The most comprehensive guide of its kind, Art/Work gives artists of every level the tools they need to make it in an art world so competitive one dealer likens it to “The Sopranos, except nobody gets killed.” Whether you’re an art school grad looking for a gallery, a mid-career artist managing a busy studio, or someone just thinking about becoming a professional artist, this indispensable resource will help you build your career and protect yourself along the way.
Unlike other creative professionals, visual artists don’t have agents or managers. You have to do it all yourself, at least until you find gallery representation — and even then, there are important business and legal issues you need to understand to stay in control of your career and ensure you’re being treated fairly. Heather Darcy Bhandari, a gallery director, and Jonathan Melber, an arts lawyer, walk you through these issues so that you can essentially act as your own manager and agent. They show you, for example, how to tackle business basics such as tracking inventory and preparing invoices; how to take legal precautions like registering a copyright and drafting consignment forms; how to use promotional tools like websites and business cards; and how to approach career decisions such as choosing the right venue to show your work.
Neoteric Art: What was your inspiration for publishing your book “Art/Work”?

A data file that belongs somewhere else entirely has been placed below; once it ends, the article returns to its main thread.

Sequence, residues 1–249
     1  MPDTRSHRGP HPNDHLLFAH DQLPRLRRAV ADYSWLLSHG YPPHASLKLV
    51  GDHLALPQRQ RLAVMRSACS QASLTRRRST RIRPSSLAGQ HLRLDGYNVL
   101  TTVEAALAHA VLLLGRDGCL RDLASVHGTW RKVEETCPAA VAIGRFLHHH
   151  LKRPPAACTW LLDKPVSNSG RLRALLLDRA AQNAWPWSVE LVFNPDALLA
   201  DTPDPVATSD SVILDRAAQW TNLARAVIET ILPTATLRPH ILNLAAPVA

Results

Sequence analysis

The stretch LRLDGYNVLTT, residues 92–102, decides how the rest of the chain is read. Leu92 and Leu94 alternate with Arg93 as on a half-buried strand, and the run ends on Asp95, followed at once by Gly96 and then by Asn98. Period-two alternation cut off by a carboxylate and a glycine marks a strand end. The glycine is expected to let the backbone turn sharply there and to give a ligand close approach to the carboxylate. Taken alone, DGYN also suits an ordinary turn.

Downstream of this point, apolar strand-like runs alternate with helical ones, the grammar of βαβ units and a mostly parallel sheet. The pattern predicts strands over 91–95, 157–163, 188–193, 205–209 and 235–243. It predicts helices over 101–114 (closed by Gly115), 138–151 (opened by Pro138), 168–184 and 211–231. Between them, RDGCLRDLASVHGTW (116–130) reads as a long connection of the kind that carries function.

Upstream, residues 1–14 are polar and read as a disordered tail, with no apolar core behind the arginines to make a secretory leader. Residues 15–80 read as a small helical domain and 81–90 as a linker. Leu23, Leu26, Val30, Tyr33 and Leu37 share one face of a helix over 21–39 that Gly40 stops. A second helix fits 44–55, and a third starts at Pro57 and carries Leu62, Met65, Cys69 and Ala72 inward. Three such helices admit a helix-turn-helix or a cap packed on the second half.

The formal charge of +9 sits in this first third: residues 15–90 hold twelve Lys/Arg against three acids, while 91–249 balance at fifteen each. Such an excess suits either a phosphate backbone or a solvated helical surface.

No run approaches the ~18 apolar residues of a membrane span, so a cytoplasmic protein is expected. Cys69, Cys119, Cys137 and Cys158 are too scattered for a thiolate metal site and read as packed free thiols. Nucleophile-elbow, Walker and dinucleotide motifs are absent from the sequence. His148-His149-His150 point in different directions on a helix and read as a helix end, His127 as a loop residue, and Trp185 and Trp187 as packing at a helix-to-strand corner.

Heather Darcy Bhandari: Jonathan and I met on the first day of college at Brown University and we’ve been close friends ever since. It’s funny to think back and see how far we’ve come! It did make the process of writing with a partner easy though–we could be really honest with each other and worked really well together.
When we set out to write the book, we looked into what else was on the market but couldn’t find a book that was clear, practical and easy to use. We didn’t want artists to have to read the text from cover to cover and we didn’t feel the need to be inspirational. Instead, we wanted Art/Work to be a useful workbook with moments of levity, written in language that was easy to understand.
Unlike the other books out there, we were able to draw on my experience as an MFA graduate turned gallery director and Jonathan’s experience as an arts lawyer. The two perspectives, in combination, provide the strongest gallery and contracts sections out there. In addition, we interviewed around 100 prominent arts professionals across the country to get their perspectives and advice–dealers, curators, artists, non-profit administrators–and we include their most interesting quotes throughout Art/Work. In the end, we were able to capture a wide range of opinions that offer a more complex understanding of the subjects covered.
As an arts lawyer and gallery director, we are passionate about helping artists. We both know a lot of artists, and they often ask us questions related to their careers. We realized, after answering the same questions again and again, there was a need for a book that would give artists useful, practical answers to their questions.
Visual artists do not have managers or agents, so they have to wear many hats throughout their careers. I don’t think business should ever be an artist’s focus. But I think it is important for artists to realize they are entrepreneurs and they need to take responsibility for their work. This does not mean compromising their integrity; in fact, it is just the opposite. Artists need to take control of the integrity of their work.
We hope Art/Work takes some of the guesswork out of navigating one’s career in the art world.